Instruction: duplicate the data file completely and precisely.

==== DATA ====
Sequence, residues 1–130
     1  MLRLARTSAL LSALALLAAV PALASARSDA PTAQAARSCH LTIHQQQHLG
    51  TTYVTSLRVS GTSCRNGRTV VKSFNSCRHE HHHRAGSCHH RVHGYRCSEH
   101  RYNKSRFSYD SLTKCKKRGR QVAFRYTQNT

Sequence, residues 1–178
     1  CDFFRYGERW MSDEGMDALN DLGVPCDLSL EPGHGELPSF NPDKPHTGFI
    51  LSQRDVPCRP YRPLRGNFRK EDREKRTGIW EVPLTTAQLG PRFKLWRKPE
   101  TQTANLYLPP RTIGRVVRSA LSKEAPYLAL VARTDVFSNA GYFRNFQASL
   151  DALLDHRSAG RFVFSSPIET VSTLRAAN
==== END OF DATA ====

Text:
Sequence, residues 1–130
     1  MLRLARTSAL LSALALLAAV PALASARSDA PTAQAARSCH LTIHQQQHLG
    51  TTYVTSLRVS GTSCRNGRTV VKSFNSCRHE HHHRAGSCHH RVHGYRCSEH
   101  RYNKSRFSYD SLTKCKKRGR QVAFRYTQNT

Sequence, residues 1–178
     1  CDFFRYGERW MSDEGMDALN DLGVPCDLSL EPGHGELPSF NPDKPHTGFI
    51  LSQRDVPCRP YRPLRGNFRK EDREKRTGIW EVPLTTAQLG PRFKLWRKPE
   101  TQTANLYLPP RTIGRVVRSA LSKEAPYLAL VARTDVFSNA GYFRNFQASL
   151  DALLDHRSAG RFVFSSPIET VSTLRAAN